Self-publishing often means Amazon is in control
The author also mentions her reluctance to become “Amazon’s bitch,” as she puts it, by making her work only available through the online retailer and its mobile platform. While self-publishers see themselves as fighting the system, she notes that they are really just exchanging one large corporate entity for another:
I don’t mind if someone else chooses to read my work electronically, just as I don’t mind if Amazon is one of the places to purchase my work; I’m simply wary of Amazon monopolizing the reading landscape.
But one of the biggest reasons Lepucki gives for not wanting to self-publish is also one of the best weapons good publishers have in their fight not to be disintermediated by Amazon, and that is the relationship that forms between a publisher — and the editors who handle a book — and an author. As she puts it, even the notes on her rejected manuscript from the sub-editor who handled it showed “these professionals are valuable to the process of book-making.” For every publisher who treats their writers so badly that they switch to Amazon, there are likely others who value that relationship and work hard to improve it.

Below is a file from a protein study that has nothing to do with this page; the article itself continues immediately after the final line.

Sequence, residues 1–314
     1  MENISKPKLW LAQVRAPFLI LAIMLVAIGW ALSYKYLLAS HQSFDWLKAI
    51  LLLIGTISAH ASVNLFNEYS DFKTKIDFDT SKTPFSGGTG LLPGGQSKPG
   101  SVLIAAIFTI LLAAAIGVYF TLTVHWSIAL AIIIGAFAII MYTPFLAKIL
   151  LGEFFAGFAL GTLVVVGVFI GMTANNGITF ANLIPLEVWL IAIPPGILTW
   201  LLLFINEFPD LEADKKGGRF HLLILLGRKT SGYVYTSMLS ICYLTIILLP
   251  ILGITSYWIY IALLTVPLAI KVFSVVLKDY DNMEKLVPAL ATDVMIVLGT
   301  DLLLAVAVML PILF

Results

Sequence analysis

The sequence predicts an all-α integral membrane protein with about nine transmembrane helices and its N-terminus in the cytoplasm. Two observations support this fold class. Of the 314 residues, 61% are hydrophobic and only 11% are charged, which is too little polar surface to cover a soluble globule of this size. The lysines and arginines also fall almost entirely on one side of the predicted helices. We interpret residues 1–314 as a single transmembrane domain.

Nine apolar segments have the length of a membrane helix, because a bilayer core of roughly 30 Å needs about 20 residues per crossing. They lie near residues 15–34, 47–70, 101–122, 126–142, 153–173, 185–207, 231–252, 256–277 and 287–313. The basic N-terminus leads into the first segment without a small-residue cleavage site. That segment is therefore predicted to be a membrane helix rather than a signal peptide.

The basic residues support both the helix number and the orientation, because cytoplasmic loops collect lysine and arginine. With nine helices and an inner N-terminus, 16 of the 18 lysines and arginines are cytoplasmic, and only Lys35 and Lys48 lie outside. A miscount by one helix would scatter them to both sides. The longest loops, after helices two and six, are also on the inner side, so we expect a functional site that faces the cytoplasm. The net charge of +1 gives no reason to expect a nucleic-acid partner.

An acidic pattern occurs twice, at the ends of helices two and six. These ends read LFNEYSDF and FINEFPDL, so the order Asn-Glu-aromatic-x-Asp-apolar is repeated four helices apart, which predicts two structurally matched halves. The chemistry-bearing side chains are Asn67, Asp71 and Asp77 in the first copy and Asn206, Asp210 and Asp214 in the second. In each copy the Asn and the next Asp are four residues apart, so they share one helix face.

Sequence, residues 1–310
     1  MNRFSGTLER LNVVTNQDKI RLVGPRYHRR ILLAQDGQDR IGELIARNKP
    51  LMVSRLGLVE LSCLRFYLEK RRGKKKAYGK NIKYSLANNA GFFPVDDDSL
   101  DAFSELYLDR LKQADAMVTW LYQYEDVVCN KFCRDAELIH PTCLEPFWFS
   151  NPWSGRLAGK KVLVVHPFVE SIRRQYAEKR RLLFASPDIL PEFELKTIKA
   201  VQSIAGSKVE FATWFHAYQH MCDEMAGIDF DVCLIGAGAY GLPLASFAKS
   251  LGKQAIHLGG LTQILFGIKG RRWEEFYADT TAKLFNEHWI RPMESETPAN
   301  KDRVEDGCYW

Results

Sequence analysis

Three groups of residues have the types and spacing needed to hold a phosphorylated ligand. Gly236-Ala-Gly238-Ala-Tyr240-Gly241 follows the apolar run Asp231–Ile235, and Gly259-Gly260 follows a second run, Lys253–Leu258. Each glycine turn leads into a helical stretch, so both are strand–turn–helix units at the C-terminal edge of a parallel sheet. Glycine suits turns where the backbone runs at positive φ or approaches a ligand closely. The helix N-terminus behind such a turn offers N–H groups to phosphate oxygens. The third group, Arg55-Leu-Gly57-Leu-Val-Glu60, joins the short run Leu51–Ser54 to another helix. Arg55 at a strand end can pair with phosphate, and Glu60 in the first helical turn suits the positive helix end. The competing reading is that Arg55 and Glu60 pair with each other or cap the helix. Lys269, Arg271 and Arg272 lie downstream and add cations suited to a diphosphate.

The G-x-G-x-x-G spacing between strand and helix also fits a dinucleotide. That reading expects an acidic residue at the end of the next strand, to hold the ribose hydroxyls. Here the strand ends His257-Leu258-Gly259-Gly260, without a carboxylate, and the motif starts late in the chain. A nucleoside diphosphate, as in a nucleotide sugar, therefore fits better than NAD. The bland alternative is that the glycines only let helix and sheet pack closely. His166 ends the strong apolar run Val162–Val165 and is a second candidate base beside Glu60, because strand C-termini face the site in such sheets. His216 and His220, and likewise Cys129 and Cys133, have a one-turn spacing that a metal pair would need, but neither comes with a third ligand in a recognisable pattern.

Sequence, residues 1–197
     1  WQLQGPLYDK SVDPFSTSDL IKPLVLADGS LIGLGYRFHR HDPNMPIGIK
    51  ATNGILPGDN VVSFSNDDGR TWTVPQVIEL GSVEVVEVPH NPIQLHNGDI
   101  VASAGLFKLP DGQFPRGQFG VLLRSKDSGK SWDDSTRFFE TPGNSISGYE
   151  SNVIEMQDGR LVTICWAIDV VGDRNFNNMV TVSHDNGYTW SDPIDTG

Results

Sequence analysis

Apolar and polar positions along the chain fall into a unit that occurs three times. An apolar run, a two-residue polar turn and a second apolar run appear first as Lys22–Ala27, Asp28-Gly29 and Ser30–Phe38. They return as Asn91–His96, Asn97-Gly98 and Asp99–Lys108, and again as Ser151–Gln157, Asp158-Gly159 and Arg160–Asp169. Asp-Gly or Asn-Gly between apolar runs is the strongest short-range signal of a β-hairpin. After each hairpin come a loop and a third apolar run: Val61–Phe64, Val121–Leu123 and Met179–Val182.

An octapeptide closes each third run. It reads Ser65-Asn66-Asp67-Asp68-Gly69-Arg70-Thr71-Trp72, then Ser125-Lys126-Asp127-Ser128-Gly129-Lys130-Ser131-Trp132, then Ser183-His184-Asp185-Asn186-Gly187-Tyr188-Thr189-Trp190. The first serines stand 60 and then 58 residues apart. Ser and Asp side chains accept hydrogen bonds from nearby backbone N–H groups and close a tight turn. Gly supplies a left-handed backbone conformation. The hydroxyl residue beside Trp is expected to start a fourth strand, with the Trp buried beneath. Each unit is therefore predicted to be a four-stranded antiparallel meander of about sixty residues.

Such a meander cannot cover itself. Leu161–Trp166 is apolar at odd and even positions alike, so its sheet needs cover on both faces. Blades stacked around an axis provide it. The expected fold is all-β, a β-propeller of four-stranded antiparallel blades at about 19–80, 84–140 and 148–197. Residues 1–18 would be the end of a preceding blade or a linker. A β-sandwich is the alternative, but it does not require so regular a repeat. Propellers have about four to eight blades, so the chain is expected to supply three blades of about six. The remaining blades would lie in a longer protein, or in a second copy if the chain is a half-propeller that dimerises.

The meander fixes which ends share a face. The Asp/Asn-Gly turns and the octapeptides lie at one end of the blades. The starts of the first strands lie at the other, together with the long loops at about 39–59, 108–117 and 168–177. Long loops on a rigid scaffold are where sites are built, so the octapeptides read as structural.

[The problem is that entering into that relationship is costly so the big publishers have a lot of gatekeepers in place and often won’t even look at a book that doesn’t run through the industry mill. I don’t disagree that trading in one corporate owner for another is problematic. Unfortunately, that is the simple answer if you don’t want to do the work of building an individual relationship with your readers. Maybe do it as part of a plan. For example, it is often suggested that you publish a blog etc. in order to build an audience, and then the potential to earn money rises with the audience. Essentially you get to sell the “second” act, or the second book, etc. But maybe you can use Amazon to build that audience and then do something different with follow-ups so that you don’t lose all control.]